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Assistance of family carers for patients with COPD using nebulisers at home: a qualitative study
  1. Bothaina Alhaddad1,
  2. Kevin MG Taylor2,
  3. Tricia Robertson3,
  4. Geoffrey Watman3,
  5. Felicity J Smith2
  1. 1Public Authority for Applied Education & Training, College of Health Sciences, Shwaikh, Kuwait
  2. 2Department of Pharmaceutics, UCL School of Pharmacy, London, UK
  3. 3NHS Harrow CCG, Harrow, UK
  1. Correspondence to Professor Felicity Smith, Department of Practice and Policy, UCL-School of Pharmacy, 29-39 Brunswick Square, London WC1N 1AX, UK; f.j.smith{at}ucl.ac.uk

Abstract

Objective For many patients with chronic conditions, such as chronic obstructive pulmonary disease (COPD), the assistance of family carers with medicines is vital for optimal treatment outcomes. The aim of this study was to identify the assistance carers provide to patients with COPD using nebuliser-delivered therapy at home, and the problems experienced that may impact on the safety and effectiveness of therapy and contribute to carer burden.

Methods A cross-sectional, qualitative descriptive study was conducted with participants recruited from primary and intermediate care. Home interviews were conducted with 14 carers who assisted a family member with COPD using a nebuliser. Qualitative procedures enabled analysis of nebuliser-related activities and problems experienced by carers.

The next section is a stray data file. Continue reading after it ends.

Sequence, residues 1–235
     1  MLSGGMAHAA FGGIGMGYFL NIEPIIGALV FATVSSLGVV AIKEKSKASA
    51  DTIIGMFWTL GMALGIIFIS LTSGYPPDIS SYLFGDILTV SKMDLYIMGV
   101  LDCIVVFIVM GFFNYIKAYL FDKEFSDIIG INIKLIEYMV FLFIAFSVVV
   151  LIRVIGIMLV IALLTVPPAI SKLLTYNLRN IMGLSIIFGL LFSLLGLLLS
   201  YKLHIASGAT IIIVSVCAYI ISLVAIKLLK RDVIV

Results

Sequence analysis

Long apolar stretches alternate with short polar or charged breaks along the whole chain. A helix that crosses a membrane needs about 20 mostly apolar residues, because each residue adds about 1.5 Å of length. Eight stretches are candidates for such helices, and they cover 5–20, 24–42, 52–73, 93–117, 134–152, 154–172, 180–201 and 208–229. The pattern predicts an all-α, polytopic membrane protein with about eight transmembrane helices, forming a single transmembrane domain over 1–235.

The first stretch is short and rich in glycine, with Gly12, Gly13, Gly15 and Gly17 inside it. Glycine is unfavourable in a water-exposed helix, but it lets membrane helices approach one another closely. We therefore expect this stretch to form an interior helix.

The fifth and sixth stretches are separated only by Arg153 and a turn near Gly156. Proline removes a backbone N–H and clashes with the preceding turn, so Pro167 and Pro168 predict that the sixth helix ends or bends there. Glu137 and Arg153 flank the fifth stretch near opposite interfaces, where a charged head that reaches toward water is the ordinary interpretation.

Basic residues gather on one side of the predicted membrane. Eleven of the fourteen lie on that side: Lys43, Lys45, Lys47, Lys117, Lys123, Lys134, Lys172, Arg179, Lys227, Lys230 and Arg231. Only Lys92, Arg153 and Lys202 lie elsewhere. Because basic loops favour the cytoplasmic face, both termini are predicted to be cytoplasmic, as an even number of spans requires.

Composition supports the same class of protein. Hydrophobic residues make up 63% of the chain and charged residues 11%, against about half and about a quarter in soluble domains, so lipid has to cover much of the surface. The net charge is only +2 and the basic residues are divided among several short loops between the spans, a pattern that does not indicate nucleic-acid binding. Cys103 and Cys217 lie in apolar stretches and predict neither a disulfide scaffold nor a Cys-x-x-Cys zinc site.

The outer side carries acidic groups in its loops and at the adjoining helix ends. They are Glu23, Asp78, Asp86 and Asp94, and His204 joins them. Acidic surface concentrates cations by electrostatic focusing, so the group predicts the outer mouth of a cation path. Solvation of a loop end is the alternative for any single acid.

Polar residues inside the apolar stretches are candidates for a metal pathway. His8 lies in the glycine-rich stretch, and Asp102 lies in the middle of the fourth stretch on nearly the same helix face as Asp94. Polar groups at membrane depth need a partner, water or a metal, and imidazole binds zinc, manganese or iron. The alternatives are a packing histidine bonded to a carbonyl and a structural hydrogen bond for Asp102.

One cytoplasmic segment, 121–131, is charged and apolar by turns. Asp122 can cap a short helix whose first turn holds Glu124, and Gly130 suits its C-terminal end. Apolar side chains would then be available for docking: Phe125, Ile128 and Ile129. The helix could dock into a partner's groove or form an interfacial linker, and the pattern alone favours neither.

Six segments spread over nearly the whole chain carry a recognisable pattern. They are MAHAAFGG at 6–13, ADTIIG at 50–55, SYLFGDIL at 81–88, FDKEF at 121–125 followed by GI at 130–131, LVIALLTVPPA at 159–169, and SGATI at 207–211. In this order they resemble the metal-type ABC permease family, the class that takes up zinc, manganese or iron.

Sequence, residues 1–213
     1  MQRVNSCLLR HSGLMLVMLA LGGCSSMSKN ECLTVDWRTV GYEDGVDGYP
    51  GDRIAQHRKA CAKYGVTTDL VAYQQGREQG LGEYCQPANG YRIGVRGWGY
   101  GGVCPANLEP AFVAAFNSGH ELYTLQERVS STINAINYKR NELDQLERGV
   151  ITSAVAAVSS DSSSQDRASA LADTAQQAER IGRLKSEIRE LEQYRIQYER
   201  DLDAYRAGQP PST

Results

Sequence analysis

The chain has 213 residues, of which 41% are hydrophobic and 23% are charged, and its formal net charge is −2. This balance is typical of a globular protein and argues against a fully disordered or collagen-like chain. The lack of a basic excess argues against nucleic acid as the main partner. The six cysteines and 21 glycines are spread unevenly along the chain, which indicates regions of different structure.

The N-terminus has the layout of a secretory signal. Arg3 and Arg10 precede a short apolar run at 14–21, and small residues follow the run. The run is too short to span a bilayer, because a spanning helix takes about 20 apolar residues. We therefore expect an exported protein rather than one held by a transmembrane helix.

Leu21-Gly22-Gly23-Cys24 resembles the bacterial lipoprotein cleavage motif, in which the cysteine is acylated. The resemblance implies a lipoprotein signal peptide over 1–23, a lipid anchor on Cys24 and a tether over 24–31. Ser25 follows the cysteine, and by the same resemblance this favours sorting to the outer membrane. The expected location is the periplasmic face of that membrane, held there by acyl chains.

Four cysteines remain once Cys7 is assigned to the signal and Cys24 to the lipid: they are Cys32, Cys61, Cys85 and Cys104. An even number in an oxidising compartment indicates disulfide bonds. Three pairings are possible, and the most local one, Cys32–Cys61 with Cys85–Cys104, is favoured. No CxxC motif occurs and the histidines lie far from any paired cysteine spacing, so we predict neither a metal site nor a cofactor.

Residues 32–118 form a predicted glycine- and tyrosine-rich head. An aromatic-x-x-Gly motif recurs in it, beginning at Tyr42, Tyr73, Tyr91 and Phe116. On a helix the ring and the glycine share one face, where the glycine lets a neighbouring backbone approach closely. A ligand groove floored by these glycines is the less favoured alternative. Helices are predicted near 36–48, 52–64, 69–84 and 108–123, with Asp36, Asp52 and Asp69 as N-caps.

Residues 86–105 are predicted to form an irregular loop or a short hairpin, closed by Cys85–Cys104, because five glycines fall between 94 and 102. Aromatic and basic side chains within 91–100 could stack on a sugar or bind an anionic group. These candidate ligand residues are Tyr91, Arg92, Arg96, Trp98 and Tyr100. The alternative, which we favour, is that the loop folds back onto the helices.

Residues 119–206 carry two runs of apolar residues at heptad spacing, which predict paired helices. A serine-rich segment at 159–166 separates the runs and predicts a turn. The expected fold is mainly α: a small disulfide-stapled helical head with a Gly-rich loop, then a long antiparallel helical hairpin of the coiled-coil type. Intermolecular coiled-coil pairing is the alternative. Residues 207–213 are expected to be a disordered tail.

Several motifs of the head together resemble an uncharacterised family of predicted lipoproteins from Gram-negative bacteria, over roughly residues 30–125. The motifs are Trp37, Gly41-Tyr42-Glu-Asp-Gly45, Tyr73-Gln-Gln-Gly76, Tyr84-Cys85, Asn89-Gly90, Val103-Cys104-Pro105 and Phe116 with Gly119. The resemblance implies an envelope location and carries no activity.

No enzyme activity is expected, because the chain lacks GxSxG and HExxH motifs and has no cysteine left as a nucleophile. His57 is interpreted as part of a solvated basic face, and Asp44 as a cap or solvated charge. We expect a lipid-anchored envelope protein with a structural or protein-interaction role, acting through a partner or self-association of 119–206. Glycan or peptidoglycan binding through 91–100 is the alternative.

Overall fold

Results The carer sample included 10 female and 4 male carers, with a mean age of 61 years: 11 spouses and 3 daughters. They had assisted patients with use of their nebuliser and associated medications for, on average, 4.5 years. Assistance ranged from taking full responsibility for nebuliser use to providing help with particular aspects only when required. Nebuliser-related activities included assembling and setting up equipment, mixing medicines, operating the device, dismantling and cleaning equipment. Difficulties were described with all aspects of care. Carers reported concerns about medication side effects and the lack of information provided.

Conclusions The study revealed the vital role of carers in enabling effective therapy. The wide-ranging responsibilities assumed by carers and problems experienced relate to all aspects of COPD management with nebulisers, and have a potential impact on treatment outcomes and carer burden. A systematic approach to addressing carers’ needs and prioritising support would be anticipated to have positive consequences for patients, carers and health services.

  • COPD
  • nebulisers
  • family caregivers
  • medicines optimisation
  • pharmaceutical care
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